A Kingston University graduate is on an academic mission to discover if there is life on other planets. Earth and planetary science specialist Rebecca Blackhurst is finishing a postgraduate quest for signs of water and primitive life on Mars. Her goal at the end of her trek through the academic world is to land a research job at America’s National Aeronautics and Space Administration (NASA).
The 30 year old has already worked with meteorite expert Dr Monica Grady from the Natural History Museum. Their study of bugs in rocks from the Antarctic’s dry valleys – the closest earth equivalent of the hostile Martian surface – led to a surprising revelation. They discovered that elements such as iron became depleted in rocks that contained microbes. The jury is still out on the reasons why but they could have a bearing on whether life has ever existed on the Red Planet.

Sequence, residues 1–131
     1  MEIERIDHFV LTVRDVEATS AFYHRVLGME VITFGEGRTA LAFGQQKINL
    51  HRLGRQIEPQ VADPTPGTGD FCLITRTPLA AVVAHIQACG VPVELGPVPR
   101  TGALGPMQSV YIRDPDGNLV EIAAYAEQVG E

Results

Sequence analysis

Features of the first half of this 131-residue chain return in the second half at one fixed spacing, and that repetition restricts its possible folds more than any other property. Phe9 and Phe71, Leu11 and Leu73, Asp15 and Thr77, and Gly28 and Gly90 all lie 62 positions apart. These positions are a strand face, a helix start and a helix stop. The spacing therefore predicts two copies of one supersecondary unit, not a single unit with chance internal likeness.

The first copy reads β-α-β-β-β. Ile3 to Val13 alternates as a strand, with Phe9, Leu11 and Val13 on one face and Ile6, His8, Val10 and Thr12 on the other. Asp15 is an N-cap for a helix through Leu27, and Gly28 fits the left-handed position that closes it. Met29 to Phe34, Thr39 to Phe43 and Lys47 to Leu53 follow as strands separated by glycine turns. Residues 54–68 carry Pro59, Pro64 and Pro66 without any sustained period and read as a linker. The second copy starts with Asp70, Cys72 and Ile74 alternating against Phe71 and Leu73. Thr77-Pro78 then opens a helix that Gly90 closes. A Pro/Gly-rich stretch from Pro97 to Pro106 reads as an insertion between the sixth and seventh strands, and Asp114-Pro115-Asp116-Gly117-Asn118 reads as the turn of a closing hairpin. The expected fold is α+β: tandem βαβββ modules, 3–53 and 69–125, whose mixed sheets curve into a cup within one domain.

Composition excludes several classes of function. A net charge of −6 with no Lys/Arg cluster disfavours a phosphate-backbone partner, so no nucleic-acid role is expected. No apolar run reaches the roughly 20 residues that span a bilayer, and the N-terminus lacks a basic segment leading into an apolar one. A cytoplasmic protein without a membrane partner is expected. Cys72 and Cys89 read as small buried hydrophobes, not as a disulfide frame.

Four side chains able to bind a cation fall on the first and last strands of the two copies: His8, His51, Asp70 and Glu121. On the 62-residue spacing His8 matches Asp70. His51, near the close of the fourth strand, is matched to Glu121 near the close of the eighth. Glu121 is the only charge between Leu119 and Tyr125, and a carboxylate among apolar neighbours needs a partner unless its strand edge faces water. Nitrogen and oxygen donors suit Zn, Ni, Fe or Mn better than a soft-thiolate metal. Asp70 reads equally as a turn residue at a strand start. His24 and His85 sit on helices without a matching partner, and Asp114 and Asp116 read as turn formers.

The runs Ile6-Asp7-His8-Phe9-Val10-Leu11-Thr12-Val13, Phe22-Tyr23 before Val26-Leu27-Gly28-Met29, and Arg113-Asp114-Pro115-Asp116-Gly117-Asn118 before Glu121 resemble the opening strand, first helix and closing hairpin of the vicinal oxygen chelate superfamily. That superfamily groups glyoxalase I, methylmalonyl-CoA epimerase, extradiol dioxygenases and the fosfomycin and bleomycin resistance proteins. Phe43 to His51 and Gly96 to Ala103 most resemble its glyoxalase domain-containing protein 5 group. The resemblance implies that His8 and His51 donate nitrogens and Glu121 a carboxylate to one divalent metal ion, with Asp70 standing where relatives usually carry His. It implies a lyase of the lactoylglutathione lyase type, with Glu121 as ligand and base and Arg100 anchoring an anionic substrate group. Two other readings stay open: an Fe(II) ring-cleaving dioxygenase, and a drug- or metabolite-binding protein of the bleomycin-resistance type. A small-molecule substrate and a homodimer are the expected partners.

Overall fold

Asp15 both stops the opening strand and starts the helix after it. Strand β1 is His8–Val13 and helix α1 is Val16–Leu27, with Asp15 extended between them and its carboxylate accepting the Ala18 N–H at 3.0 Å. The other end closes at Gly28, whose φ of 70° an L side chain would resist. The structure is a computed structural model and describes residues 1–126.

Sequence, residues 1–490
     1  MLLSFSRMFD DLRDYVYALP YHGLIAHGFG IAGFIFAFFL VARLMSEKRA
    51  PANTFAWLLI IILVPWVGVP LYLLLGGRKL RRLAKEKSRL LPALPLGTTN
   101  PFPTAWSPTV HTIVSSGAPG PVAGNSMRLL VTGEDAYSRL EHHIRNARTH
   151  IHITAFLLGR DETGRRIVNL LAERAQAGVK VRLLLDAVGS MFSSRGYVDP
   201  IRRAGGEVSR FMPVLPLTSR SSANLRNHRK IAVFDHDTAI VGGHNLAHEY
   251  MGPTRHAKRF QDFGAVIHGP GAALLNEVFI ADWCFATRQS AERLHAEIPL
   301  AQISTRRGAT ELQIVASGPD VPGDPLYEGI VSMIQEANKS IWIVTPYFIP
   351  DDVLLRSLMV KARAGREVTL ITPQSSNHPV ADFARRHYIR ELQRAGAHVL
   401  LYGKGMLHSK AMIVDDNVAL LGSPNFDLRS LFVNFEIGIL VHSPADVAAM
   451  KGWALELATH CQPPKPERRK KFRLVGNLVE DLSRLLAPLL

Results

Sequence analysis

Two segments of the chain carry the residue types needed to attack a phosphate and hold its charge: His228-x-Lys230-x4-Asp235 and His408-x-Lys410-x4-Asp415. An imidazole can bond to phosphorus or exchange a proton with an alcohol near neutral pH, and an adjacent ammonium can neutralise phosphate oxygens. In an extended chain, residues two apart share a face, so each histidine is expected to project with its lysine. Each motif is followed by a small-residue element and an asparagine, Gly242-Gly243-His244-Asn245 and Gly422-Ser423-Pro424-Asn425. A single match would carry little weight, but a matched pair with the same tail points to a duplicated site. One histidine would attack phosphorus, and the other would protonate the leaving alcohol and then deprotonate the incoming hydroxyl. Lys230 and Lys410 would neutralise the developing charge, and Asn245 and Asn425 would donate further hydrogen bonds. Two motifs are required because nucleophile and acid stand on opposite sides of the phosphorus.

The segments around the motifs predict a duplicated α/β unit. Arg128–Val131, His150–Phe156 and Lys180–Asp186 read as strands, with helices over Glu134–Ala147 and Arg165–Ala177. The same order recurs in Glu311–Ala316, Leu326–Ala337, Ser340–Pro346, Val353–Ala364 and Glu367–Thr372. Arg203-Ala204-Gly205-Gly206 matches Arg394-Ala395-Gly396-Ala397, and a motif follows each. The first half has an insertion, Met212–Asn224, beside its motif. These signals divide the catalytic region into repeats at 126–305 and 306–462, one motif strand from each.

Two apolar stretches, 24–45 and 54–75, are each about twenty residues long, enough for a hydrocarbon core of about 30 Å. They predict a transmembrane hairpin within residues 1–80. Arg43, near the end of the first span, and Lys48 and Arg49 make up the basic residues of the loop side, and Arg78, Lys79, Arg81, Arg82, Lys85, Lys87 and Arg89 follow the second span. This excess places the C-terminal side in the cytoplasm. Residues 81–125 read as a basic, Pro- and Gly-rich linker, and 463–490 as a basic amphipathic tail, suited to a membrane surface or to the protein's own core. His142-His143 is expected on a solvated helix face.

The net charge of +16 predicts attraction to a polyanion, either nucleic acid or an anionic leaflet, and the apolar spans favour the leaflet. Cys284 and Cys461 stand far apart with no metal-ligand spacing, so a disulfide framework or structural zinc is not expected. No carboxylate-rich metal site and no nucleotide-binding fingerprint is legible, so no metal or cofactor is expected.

Rebecca’s presentation of her joint research has already brought her to NASA’s attention, clinching her an award for excellence in astrobiology.
Rebecca came to Kingston University as a mature student armed with plenty of down-to-earth experience of life, ranging from working as a financial analyst in London to travelling around the world.
It was on a trip to the South Island in New Zealand that, inspired by the beauty of the landscape, she decided to study geology. “I wanted to understand the geology of this planet before even beginning to find out how the rest of the universe works,” she said. “I also had to make a leap from doing advanced levels in the arts at school 10 years before to studying for a degree in a science subject.”
Rebecca hopes her example will encourage more people to change the course of their lives and opt for higher education. “Sometimes it takes a little star-gazing as well as hard work,” she said.